EIP-1559 has brought positive changes to the user and developer experience including:
- Making transaction fees more predictable: By changing the "auction style" system to simpler calculation of a base fee + tip calculation. The base fee changes less than in the past when transaction fees were determined by whomever placed the highest bid to get their transaction prioritized.
- Saving users on paying higher fees and long transaction times: Users have saved on transaction fees they pay because the cost is now more transparent. Before EIP-1559, users would overpay on fees so that they knew they would be completed. Transaction times have also gone down as the network is working more efficiently to fill blocks with transactions.
- Controlling the supply of Ethereum: The base fee of all EIP-1559 transactions is burned. This has decreased the amount of ETH being used, which aims to increase ETH's value over time.
Before EIP-1559, miners were rewarded the entire transaction fee. After EIP-1559, miners are only rewarded the priority fee or tip that the user has set. This would look like the miners are losing out on more fees, but it has been shown that the revenue to miners has increased due to more activity on the network as the transaction fees have become more stable.
Gas is calculated by the amount of computation and resources needed to complete a transaction. If a transaction is complex, such as interacting with a smart contract, the amount of gas needed will increase.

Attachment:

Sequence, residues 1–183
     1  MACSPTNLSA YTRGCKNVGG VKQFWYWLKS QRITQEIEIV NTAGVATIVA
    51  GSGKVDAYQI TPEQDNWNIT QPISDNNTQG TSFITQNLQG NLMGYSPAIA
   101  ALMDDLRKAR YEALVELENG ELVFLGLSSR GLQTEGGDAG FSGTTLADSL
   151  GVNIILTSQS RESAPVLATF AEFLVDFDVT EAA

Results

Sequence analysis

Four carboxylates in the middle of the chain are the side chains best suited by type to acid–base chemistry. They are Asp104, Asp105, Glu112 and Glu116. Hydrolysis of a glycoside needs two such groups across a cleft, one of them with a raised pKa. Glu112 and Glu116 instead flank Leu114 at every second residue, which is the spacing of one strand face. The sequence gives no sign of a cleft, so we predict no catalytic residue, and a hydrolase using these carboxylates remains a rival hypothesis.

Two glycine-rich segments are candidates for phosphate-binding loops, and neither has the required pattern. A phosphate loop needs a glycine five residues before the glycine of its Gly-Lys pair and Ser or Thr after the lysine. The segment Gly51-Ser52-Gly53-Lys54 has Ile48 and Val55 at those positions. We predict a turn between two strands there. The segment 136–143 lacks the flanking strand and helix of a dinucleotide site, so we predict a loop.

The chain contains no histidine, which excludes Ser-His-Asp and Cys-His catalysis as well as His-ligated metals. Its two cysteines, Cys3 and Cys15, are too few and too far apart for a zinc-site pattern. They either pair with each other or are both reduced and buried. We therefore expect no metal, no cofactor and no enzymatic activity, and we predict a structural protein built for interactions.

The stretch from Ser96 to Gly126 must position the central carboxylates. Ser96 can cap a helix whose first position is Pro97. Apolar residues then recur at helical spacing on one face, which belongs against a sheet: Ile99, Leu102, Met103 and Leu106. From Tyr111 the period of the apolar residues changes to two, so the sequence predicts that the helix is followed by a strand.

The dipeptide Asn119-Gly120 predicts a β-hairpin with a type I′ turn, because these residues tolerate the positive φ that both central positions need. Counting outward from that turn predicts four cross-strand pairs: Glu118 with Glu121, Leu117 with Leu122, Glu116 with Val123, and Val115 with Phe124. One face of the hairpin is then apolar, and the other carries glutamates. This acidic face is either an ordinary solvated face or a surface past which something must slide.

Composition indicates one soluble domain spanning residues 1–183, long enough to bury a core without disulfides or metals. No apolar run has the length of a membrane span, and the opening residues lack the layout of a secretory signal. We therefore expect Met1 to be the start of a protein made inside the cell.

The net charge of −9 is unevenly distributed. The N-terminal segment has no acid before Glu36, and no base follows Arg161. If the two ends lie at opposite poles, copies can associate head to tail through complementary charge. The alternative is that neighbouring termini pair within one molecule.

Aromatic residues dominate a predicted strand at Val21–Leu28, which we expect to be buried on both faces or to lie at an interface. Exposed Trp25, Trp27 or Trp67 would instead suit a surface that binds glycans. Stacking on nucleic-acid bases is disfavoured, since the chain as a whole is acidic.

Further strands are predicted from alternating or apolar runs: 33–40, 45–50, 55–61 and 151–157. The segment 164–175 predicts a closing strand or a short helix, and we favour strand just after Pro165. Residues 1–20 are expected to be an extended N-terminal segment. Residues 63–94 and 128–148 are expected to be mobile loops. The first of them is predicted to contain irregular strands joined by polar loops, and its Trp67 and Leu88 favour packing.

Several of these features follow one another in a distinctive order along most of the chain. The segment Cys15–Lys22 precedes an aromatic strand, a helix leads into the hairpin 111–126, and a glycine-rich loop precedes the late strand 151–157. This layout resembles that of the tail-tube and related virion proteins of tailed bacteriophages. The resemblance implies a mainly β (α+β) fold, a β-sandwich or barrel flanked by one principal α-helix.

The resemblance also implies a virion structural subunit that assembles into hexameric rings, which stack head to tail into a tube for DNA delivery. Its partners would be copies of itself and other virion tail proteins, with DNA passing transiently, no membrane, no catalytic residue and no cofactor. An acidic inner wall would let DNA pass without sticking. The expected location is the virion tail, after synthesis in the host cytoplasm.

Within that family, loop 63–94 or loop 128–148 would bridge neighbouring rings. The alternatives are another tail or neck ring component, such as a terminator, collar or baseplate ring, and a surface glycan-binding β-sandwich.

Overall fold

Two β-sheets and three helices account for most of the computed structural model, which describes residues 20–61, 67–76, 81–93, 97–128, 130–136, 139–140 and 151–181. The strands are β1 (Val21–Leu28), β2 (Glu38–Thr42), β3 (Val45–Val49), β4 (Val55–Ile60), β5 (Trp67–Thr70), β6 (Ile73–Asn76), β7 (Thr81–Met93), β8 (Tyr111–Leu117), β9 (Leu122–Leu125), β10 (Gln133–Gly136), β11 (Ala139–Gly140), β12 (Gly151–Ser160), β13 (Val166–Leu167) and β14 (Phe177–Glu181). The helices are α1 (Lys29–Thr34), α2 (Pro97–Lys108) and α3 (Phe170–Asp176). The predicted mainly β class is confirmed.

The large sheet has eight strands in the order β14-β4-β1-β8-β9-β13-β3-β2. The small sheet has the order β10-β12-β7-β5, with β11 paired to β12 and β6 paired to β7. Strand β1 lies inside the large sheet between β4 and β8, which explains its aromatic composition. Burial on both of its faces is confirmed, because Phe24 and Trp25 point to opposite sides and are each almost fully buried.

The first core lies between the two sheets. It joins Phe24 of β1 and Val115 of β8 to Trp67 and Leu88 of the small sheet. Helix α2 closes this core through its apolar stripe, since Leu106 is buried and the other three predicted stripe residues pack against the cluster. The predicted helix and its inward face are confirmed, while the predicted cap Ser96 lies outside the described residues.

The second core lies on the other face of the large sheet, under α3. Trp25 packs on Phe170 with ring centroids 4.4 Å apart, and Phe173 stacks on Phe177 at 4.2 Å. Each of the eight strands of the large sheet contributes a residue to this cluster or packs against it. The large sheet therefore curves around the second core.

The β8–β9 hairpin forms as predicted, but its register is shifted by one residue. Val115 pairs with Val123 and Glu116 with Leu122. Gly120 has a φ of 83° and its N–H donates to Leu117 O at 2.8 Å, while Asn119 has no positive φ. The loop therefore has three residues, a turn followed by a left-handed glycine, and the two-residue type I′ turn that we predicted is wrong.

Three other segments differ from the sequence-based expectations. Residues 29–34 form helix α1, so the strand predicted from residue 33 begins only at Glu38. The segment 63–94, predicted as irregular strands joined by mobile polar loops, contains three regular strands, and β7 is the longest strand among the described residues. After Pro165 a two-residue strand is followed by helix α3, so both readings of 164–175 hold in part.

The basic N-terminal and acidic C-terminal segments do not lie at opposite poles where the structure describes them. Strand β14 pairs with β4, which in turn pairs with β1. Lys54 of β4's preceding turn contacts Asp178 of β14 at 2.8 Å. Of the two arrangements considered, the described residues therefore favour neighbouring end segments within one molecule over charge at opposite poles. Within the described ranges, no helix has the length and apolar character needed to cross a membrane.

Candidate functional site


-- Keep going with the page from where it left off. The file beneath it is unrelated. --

gasPrice is calculated by the user as this is the amount that they want to pay for their transaction to be mined. After EIP-1559 was implemented, this has been replaced by two new values:
- Base fee: the minimum transaction fee for every transaction that wants to be included in a block. This is calculated by the network and is affected by the number of transactions included in the previous block.
- Max Priority fee: the optional transaction fee to prioritize your transactions over others. This is the tip that goes to miners.
The user calculates gas limit or max fee, which is the maximum amount of gas willing to be paid to complete the operations of the transaction. This accounts for any changes in the base fee while the transaction is pending.
EIP-1559 introduced variable-size blocks that change according to the amount of traffic the network is experiencing. The target for every block is to reach 15 million gas; a block can expand to 30 million gas if needed when high activity is high.
The base fee is calculated by looking at the previous block's capacity.
|Last Block Capacity||Change of Base Fee|
|Exactly 50% full||No change|
|100% full||12.5% increase|
|Between 50% and 100%||< 12.5% Increase|
|Between 0% and 50%||< 12.5% Decrease|
|0% / Empty||12.5% Decrease|
Burning Ethereum means sending it to a wallet address that can only receive funds and not send any. These are special burner addresses. After the ETH is in the wallet, it can not be added back for transacting in the future.
After EIP-1559, the base fee for all transactions is burned. This was done to control miners adding spam transactions to blocks and help control high gas fees.
You can find the base fees and priority fees paid to miners on previous blocks on Watch The Burn.
Updated 3 months ago